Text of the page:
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Misconceptions When Parents Pay for Your College

This article is written by a student writer from the Her Campus at Murray State chapter.

Yes, my parents pay for my college. No, that does not make me lazy, entitled, or unmotivated. No matter how I dance around the subject, I’ll come off as a spoiled, entitled brat to someone. And, I’m okay with that because I understand the combination of choices, hard work, and dumb luck that have landed me in this position.

My parents pay for my college, they always said that and, three semesters in, they are holding true to that promise. I’m not going to deny that there are people who don’t think about money because their parents will put anything in their account. But I don’t jet off across the country for a private education where tuition alone nears the seven-digit mark. I go to school at Murray State University where the slogan reads “Opportunity Afforded”. Because of MSU’s regional tuition program, as a Missouri resident, I receive a tuition discount that puts me somewhere between in and out-of-state costs. The bottom line is: Murray is a relatively cheaper university, to begin with, especially considering I am not a Kentucky resident. Would you be surprised rural Western Kentucky wasn’t my top pick?

(Photo by Vasily Koloda on Unsplash)

Imagine sixteen-year-old me, pink hair and braces, going on her first college tour. I had not even heard of Murray State at this time. I stepped foot on the campus of a private university with just over 1,000 students, and it felt like home. A liberal arts school with classes almost as diverse as its student body was what I always imagined college to be. Everything was right about it until it came down to the finances. $60,000 a year, not even including housing, books, meals, etc. A four-year stay at that cost would put a dent in anyone’s pocket. Between financial aid and scholarships, maybe my parents could have swung it. But, I didn’t want them to have to do that. With two other children (both still in college at that time) to also provide for, I didn’t want to make that kind of dent. So I kept looking at schools with a better price, and that’s how I stumbled upon MSU.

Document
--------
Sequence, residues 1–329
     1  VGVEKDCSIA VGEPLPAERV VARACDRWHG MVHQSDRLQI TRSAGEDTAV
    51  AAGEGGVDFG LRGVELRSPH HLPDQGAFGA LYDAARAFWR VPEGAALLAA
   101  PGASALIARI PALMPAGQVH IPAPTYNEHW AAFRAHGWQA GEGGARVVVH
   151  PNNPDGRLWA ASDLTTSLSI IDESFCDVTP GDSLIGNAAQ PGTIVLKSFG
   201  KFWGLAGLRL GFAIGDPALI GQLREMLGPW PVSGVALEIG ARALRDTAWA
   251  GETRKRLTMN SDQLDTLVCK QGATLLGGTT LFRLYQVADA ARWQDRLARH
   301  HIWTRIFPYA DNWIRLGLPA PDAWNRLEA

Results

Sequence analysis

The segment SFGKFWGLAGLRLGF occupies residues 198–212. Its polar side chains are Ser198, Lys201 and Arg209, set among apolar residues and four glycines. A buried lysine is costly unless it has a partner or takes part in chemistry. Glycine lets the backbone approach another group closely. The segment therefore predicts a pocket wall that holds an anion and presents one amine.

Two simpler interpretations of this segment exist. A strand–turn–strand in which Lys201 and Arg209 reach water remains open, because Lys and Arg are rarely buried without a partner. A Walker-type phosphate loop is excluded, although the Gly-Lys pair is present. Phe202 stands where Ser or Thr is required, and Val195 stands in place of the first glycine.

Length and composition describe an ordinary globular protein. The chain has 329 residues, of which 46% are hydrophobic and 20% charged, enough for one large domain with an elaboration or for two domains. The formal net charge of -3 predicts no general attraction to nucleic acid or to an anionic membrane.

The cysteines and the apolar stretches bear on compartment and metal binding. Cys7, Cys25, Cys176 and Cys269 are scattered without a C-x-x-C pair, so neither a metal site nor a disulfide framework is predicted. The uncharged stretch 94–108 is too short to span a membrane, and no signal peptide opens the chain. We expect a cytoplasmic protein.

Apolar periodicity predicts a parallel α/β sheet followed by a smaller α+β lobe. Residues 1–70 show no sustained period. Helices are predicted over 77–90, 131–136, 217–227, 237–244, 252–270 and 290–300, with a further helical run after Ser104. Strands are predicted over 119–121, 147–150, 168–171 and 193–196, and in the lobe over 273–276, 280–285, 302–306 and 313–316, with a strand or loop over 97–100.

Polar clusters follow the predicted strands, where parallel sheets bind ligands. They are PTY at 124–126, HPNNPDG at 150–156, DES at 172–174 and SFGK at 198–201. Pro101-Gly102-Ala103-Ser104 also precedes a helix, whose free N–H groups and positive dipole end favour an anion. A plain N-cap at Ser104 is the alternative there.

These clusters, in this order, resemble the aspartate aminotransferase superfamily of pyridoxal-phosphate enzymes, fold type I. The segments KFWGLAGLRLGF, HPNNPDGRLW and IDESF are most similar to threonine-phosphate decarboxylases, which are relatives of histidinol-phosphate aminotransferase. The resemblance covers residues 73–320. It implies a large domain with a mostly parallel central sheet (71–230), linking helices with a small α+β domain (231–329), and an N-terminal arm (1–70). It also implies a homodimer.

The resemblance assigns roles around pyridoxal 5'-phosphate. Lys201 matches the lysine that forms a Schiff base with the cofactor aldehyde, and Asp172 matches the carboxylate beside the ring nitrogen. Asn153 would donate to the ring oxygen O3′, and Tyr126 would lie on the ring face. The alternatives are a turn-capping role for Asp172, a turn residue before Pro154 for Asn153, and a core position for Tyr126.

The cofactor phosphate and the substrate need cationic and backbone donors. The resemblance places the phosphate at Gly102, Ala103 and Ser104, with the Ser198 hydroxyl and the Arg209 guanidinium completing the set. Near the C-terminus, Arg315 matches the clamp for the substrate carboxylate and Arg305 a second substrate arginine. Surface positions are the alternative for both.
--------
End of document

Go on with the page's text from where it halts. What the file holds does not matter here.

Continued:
What drew me in the most is, upon admission, I would automatically be granted an Academic Achievement scholarship, providing 80% coverage of my tuition plus a semesterly $750 stipend to go towards housing, books, etc. 80% of my already discounted out-of-state tuition was getting covered because of my high school GPA and ACT score, 4.0 and 30, respectively. I’ve never been lazy when it comes to school, and it’s insulting for someone to suggest I’m lazy purely on the basis that I have the blessing of not paying for my education. “School is your job,” I can still hear my mom telling me as a child. Show up on time and put in your best effort. One job has never been enough for me, though. I like to be busy. I’ve worked since I was 16, took a break during my first year of college, and got a job on campus at the end of the spring semester. I don’t get an allowance nor handed material objects, but I get an education. The money I make at minimum wage jobs is my spending money, and I’ve built a savings account from the ground up.

If my article about how to accept receiving a ‘B’ as a 4.0 student told anything, I set monumentally high expectations for myself. Anything less than a 4.0 doesn’t feel good enough, and I work hard to maintain that because school doesn’t always come the easiest to me. But the satisfaction of ending a semester, knowing I worked long days and longer nights to earn it, with a 4.0, there is no greater sense of accomplishment for me. And, I do all of this because my parents pay for my college. I don’t get paid for these good grades. Making them proud, making them feel their money is well spent, is what drives my need for success. I don’t skip class because that feels like throwing away their money. I do this for them. Their support of my education is the only incentive I need to do well.

Everyone’s background and personal situation are different. The expectation in my family was to attend and graduate college. My parents and grandparents valued higher education so greatly, they wanted to provide it for us. If that makes me lazy, entitled, or unmotivated, fine. I know how far I’ve come to get here: graduating a year early, maintaining a 4.0, involved in multiple organizations, and still employed. I’m not afraid to admit lady luck has played a role. I got handed a set of circumstances to put me in the position I am in today. There will always be someone better or worse off than you. But putting blanket statements over an entire set of people, just because there might exist someone who is lazy, unmotivated and entitled all while their parents pay for their education, is not a fair assumption.

Allison Hine

Murray State '20

Allison is a psychology major at Murray State University and can be easily spotted across campus by her purple hair. As a St. Louis native, she loves Ted Drewes and will certainly ask where you went to high school. She's been riding horses for over eight years and hopes to someday afford a horse of her own. But, her Pitbull, Piccolo, will do for now. When she's not talking about her dog, Allison can usually be found binging the latest shows on Hulu and Netflix (her favorites at the moment are Station 19 and Glee (again)).